More than 1600 Len Penzo dot Com readers answered last week’s survey question and it turns out that half of you use the grill at least once per week during the summer months. You can count me among that group too; we typically use the barbecue three or four times per week when the weather is hot if only because it helps keep the house cooler.
If you have a question you’d like to see featured here, please send it to me at Len@LenPenzo.com and be sure to put “Question of the Week” in the subject line.
The Question of the Week
Useless News: Have a Heart
A wealthy man who was having heart trouble went to the doctor to see what his options were. Naturally, the doctor recommended a heart transplant to his patient.
So the man reluctantly agreed, and asked if there were any hearts immediately available, since money was no object.
“I currently have three hearts ready for transplanting,” said the doctor. “The first is from an 18-year old kid, non-smoker, athletic, swimmer, with a great diet; he hit his head on the swimming pool and died. It’s $100,000. The second heart is from a marathon runner, 25 years old, great condition, very strong; he got hit by a bus. It’s $150,000. The third is from a heavy drinker, cigar smoker, and steak lover. It’s $500,000.”
“Hey, why is that heart so expensive? He lived a terrible life!” asked the patient.
“That’s true,” said the doctor, “but it’s from a lawyer — so it’s never been used.”
(h/t: Sam I Am)
Other Useless News
Here are the top — and bottom — five Canadian provinces and territories in terms of the average number of pages viewed per visit here at Len Penzo dot Com over the past 30 days:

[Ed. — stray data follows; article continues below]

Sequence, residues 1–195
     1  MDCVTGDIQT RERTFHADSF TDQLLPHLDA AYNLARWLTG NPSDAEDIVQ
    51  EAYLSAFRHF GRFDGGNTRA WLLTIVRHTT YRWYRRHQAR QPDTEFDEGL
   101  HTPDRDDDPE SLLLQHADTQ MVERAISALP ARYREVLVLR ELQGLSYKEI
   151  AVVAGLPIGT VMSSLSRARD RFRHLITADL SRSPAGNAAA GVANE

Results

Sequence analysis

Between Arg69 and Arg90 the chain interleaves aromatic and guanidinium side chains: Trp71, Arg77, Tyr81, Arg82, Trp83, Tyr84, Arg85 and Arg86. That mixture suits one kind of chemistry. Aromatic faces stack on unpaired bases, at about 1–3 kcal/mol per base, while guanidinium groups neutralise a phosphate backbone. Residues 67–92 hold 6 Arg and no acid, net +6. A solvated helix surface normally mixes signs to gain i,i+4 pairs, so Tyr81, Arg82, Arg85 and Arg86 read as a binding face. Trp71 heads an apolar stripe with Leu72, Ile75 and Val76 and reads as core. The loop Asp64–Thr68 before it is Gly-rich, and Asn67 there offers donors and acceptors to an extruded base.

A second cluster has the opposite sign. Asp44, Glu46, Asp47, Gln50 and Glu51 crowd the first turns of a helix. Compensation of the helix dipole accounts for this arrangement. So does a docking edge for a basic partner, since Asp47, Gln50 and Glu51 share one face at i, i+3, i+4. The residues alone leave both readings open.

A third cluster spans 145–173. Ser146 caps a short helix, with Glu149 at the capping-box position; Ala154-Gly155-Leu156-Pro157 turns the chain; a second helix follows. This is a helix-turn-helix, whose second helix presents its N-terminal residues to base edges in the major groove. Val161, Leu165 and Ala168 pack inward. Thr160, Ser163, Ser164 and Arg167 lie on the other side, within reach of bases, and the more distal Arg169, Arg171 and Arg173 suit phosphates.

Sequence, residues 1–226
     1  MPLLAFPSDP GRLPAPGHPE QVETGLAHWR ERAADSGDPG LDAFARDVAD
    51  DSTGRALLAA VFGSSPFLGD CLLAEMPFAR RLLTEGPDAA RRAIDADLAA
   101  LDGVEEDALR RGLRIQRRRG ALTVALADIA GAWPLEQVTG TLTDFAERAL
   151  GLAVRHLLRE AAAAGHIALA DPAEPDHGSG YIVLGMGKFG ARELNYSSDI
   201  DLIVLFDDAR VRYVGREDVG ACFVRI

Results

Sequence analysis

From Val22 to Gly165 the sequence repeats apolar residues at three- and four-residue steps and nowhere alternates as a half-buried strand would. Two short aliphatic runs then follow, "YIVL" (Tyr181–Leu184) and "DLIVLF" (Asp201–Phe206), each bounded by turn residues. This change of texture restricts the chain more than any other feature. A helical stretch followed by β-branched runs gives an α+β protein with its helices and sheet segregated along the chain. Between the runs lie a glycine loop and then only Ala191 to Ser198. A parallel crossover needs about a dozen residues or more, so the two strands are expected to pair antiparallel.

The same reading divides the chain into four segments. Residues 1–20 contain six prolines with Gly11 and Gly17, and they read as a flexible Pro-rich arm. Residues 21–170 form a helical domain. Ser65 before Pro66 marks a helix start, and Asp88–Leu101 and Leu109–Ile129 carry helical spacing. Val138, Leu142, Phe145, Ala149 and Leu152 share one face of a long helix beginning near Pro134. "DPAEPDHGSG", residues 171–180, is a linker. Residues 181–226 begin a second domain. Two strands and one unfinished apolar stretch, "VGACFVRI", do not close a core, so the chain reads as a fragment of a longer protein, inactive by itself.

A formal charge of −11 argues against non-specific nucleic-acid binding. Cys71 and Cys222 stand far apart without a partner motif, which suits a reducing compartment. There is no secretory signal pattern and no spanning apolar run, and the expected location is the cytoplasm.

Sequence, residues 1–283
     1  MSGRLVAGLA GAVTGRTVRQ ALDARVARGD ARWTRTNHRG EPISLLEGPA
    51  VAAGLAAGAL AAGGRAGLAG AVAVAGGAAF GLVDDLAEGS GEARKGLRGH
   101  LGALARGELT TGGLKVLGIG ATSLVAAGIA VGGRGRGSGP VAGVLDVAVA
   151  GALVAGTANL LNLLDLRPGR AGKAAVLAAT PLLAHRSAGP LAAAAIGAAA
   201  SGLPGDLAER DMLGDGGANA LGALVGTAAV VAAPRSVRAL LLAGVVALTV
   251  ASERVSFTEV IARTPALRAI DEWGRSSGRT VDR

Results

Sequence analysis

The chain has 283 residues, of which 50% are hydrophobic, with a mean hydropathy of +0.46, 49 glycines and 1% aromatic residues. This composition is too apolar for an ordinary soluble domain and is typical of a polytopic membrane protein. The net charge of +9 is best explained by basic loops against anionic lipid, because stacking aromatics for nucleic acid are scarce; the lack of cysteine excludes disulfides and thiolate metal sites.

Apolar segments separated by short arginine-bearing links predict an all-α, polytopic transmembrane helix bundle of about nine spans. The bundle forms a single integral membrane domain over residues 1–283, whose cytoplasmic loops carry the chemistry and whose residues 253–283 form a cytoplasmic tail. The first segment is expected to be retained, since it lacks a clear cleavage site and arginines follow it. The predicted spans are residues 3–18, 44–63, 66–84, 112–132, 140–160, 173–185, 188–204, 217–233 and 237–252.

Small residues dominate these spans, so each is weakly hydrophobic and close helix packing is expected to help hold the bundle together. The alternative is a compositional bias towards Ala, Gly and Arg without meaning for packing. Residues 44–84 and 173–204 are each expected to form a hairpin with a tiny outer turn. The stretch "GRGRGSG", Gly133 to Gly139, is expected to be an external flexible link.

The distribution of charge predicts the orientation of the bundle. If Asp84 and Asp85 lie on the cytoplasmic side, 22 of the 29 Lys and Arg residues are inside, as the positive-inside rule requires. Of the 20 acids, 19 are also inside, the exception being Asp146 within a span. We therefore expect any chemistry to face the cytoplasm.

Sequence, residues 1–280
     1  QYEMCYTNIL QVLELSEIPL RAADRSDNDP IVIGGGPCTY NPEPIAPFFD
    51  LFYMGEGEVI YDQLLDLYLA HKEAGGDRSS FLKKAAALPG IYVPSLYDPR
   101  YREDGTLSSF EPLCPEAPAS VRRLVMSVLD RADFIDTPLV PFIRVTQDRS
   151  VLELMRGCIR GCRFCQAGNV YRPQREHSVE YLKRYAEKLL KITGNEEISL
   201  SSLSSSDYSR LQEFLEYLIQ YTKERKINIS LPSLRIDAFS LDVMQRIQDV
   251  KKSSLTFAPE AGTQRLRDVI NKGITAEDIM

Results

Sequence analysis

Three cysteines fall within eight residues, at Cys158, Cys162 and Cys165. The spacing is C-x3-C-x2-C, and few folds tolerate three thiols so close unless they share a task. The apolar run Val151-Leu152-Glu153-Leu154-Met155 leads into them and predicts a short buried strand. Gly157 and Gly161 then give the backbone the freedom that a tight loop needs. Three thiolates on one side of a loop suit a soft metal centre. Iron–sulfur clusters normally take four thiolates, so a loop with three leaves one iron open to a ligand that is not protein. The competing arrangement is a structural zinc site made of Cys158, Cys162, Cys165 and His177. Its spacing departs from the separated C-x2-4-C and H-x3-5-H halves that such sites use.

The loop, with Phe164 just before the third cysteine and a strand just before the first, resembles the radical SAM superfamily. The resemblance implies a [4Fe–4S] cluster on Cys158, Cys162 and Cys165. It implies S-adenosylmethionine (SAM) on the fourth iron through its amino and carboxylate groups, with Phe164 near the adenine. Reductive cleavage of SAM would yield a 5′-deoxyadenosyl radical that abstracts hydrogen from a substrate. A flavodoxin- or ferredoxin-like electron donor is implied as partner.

1. Alberta (1.76 pages/visit)
2. Prince Edward Island (1.63)
3. Quebec (1.59)
4. British Columbia (1.52)
5. Manitoba (1.49)
9. Ontario (1.36)
10. Nova Scotia (1.20)
11. Northwest Territories (1.00)
12. Newfoundland & Labrador (1.00)
13. Saskatchewan (1.00)
Whether you happen to enjoy what you’re reading (like those crazy canucks in Alberta, eh …) — or not (ahem, you hosers living on the frozen Saskatchewan tundra) — please don’t forget to:
1. Click on that Like button in the sidebar to your right and become a fan of Len Penzo dot Com on Facebook!
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Letters, I Get Letters
Every week I feature the most interesting question or comment — assuming I get one, that is. And folks who are lucky enough to have the only question in the mailbag get their letter highlighted here whether it’s interesting or not! You can reach me at: Len@LenPenzo.com
After reading my article describing how to know if your spending is out of control, someone calling themselves “Len Penzo Is Amazing” — no, really — left this comment:
Thanks, Len. I had no idea how much money I was wasting! You are my hero.
Well … thank you — but you certainly set a very low bar for your heroes!
If you enjoyed this, please forward it to your friends and family. I’m Len Penzo and I approved this message.
Photo Credit: (coffee) brendan-c